plant.9

LOO^^ Arsolar Tisaus

'smporo-parietal Famcla (SM~S) ssp Temporal Fascia: Supsrficlal Lever ~tmp Layer rontal Branch 01 Supsrficisl Temporal A

ramporal Branch of Facial N.

I

-2ygomatic

Arch

Cross section through facial danger zone 2 showing the temporal branch of the facial nerve and the frontal branches of the superficial ternpod artery on the undersurface of the ternproparid fmiaSMAS layer. Note the superficial temporal fat pad beneath the superficial layer of the deep temporal fascia. Thls plane can be dissected to elevate the SMAS off the zygoma without injuring the tmnp0rd branch of the faaal nerve.

Facia6 Dander Zone 3 17ie Neme and Consequence of Injury

Facial danger zone 3 includes the marginal mandibular branch of the facial nerve at a point in its course where it is most vulnerable anteriorly as the platysrnaSMAS layer thins and the nerve courses superiorly to innervate the depressor [email protected] oris rnu~cle.~~J~ Injury to this nerve creates a noticeable and extremely distressing deformity, especially when the patient smiles. During grimacing the denervated depressor an& oris muscle cannot pull the corner of the mouth and lower lip down, resdting in an inability to show the lower teeth on the affected side (Flg. 3A). At rest the tone in the normally innervated zygomaticus muscles is unopposed because the denervated depressor angdi oris muscle lacks tone, and the corner of the mouth is p d e d up so that at rest the lower lip rides high over the teeth in a unilateral "pout. "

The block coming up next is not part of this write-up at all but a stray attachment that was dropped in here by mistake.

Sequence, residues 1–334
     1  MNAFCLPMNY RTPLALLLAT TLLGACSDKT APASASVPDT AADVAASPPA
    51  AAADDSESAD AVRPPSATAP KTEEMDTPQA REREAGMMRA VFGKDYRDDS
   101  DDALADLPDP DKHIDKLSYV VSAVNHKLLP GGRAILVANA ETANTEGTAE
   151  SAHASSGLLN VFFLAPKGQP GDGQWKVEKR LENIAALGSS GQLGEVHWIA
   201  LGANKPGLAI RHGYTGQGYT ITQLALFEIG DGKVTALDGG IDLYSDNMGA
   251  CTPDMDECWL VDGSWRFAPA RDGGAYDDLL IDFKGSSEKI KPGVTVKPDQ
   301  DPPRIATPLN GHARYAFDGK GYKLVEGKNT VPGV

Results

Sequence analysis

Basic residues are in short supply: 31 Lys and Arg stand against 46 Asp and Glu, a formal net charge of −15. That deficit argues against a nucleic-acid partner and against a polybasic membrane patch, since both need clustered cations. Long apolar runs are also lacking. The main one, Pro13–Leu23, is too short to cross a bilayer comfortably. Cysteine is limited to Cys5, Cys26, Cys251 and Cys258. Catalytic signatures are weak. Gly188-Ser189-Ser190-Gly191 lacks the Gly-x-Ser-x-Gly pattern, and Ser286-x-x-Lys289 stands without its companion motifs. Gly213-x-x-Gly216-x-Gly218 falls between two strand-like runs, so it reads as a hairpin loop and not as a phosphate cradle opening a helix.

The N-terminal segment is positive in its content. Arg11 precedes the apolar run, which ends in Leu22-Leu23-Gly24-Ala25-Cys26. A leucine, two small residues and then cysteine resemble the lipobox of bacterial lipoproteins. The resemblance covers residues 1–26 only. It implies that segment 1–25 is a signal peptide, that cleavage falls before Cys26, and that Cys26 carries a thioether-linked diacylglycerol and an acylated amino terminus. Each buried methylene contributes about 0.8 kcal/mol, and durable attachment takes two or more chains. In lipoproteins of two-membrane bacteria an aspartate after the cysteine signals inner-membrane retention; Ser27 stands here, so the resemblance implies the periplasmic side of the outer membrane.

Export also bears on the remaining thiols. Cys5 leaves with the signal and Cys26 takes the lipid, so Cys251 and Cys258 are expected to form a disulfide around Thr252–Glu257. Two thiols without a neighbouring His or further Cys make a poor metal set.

rMarginal

Zone 3

/

Mandibular Branch of Faclal N.

This patient, who has a right marginal mandibular branch injury, is grimacing in an attempt to show the lower teeth. The right lower lip rides up over the lower teeth and cannot be pulled down. Be certain the patient is not contracting the plarysma muscle, whch in some cases assists the depressor an& oris musde in pulling the lip inferiorly.

anatomic Location

Facial danger zone 3 is best described by drawing a point on the middle of the mandibular body 2 cm posterior to the oral cornrnissure and drawing a circle with a radius of 2 crn around this pointz1J2(Fig. 3B). This process defines a circular area, facial danger zone 3, in which the platysma-SMAS thins, exposing the marginal mandibular branch to injury. The anterior facial artery and vein also cross this zone and are susceptible to injury (Fig. 3C).